Sunday, June 3, 2018

Parking lot chronicles

Story #1 (of 3): Irimi

A few weeks ago, I was in a car accident.  Well, I hit another car in a parking lot. It was a very crowded, unmarked lot with chaotic parking.  I was driving my big Chevy Tahoe.  I thought I had done a masterful job at backing out in very tight quarters, and was pulling away, when I heard the metal-crumpling sound of my passenger door — I had sideswiped the rear bumper of a car I didn’t see. Argh.  So much for ma’ai, right? The rear bumper of the other car was dented, and the tail light cracked.  My truck had a big white line down the side, with a little dent.

The owner of the car was not present — probably in the restaurant. Since I had my wife, daughter, and mother-in-law with me, I decided to leave a note with all my pertinent information, and drive everybody home (about 40 minutes).

About 3 miles down the road, my phone rang with an unfamiliar number, so I assumed it was the owner of the car I’d hit.  The irate man on the other end shouted at me incessantly, demanding that I turn around and return to the restaurant, stating that he had already called the police, claiming a hit-and-run.  I tried to explain that this was no such thing, and a matter for the insurance companies one we completed the exchange of information, but he was having none of it so I shouted back at him in frustration, and turned the car around.

When I arrived, I left my family at the other end of the lot and walked toward the scene of the crime.  The man spotted me immediately and I could see him tense up. He was what you might call a “typical” backwoods guy, complete with backwards baseball cap and chewing tobacco.  I also noticed that he was a little smaller than me, didn’t seem to be drunk, and might be carrying a weapon.

Just about when we met, before he could speak, I reach out my hand to shake his, which he accepted, put my other hand on his shoulder, and said “Hi, my name’s Mike.  I’m the guy who hit your car.  I’m really sorry I yelled you on the phone.”

He softened immediately, mumbling “It’s alright, man. It’s actually not my car — it’s hers (motioning to his girlfriend).”

So, my Irimi had both immediately diffused the situation and deflected it to move onto another (more reasonable) partner.

(For the record...  no, I didn’t really plan this out ahead of time, though I did resolve to take charge, and the hand on the shoulder was intentional. )

Story #2: Atemi from afar

I’m in the parking lot of a grocery store near my house.  It’s late — maybe 10:45 pm. Only a couple of cars in the lot.  I’m walking in, kinda looking at my phone as I walk (yes, guilty), when I pass, on the way to her car, a very attractive woman (again, guilty).  I sneak a peak over my shoulder.  As I continue, a bad-ass looking dude in a white Ford Mustang, with engine rumbling low and window rolled down, trolls past me toward the woman, rolls past her, and then backs up next to her car (remember, the lot is almost empty).   I notice what’s going on over my shoulder, and by this time at the entryway to the grocery store, where there happens to be a store employee, standing and watching the whole thing.  I make eye contact with a quick over-the-shoulder nod that’s says “you seeing this?”, and he up-nods back. So I stand beside him and we both watch the scene.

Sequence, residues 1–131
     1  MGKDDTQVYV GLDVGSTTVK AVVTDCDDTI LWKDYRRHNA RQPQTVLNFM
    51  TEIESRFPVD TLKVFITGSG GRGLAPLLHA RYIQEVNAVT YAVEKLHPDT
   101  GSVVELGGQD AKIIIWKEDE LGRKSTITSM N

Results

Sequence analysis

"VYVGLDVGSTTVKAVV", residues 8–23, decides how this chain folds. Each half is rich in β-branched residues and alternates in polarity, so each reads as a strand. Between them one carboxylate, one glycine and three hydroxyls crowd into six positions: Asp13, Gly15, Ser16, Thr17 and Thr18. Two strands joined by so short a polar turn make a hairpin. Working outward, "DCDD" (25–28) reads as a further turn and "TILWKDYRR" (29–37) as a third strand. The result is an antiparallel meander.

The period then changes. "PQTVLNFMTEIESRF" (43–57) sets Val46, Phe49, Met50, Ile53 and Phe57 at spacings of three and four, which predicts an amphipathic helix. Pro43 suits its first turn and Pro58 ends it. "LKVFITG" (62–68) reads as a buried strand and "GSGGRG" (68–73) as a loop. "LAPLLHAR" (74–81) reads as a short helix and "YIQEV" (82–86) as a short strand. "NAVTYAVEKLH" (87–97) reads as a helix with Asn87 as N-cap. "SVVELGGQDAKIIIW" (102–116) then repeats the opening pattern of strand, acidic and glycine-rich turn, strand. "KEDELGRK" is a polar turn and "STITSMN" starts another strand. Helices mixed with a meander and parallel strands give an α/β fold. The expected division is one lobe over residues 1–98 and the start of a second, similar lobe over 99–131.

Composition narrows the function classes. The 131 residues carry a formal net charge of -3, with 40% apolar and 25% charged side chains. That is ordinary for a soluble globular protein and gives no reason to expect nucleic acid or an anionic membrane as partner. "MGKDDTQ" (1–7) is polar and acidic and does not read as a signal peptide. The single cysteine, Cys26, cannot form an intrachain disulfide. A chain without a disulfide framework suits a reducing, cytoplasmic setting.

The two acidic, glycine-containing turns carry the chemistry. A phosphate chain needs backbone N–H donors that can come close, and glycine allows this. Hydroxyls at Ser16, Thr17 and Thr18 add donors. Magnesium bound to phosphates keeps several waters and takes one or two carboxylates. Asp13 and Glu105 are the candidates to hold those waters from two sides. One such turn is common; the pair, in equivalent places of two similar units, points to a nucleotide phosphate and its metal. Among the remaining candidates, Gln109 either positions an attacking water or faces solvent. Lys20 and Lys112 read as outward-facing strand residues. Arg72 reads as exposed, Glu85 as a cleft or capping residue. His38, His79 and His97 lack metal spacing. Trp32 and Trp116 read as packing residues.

About 20 seconds later, the Mustang pulls away.

So, maybe this was nothing.  Maybe the Mustang was gonna pull away anyway.  But I don’t think so.  I think the Atemi that the store employee and I executed from across the lot put the Mustang dude off his game.   I actually think the woman in the car was oblivious to all of it.  She was gone when I got out of the store.

Story #3: Assess

Just the other day — same grocery store parking lot.  I’m driving on my way out, when an SUV rolls past me heading the opposite direction.  A big black woman is driving (forgive me, but the stereotype is important to the story).

Right on her tail — just feet away — is a beat up pickup truck driven by a long-haired, bearded redneck looking guy. He is blaring his horn repeatedly, and looks agitated.  I’m thinking “Dude, I wouldn’t mess with her if I were you...”

I watch the scene play out in my rear-view mirror. They come to a stop in the parking lot, and the woman gets out — shall we say “rather confrontationally.”   They guy gets out, too, and I’m thinking “Oh, shit, here we go...”

The guy motions frantically to the back of her car, and crouches down underneath to point something out. She looks, too, and they have a conversation.

Clearly, they guy had just been trying to get her attention because something was wrong with her car.

I shake my head and think “wow, was I ever wrong about that.”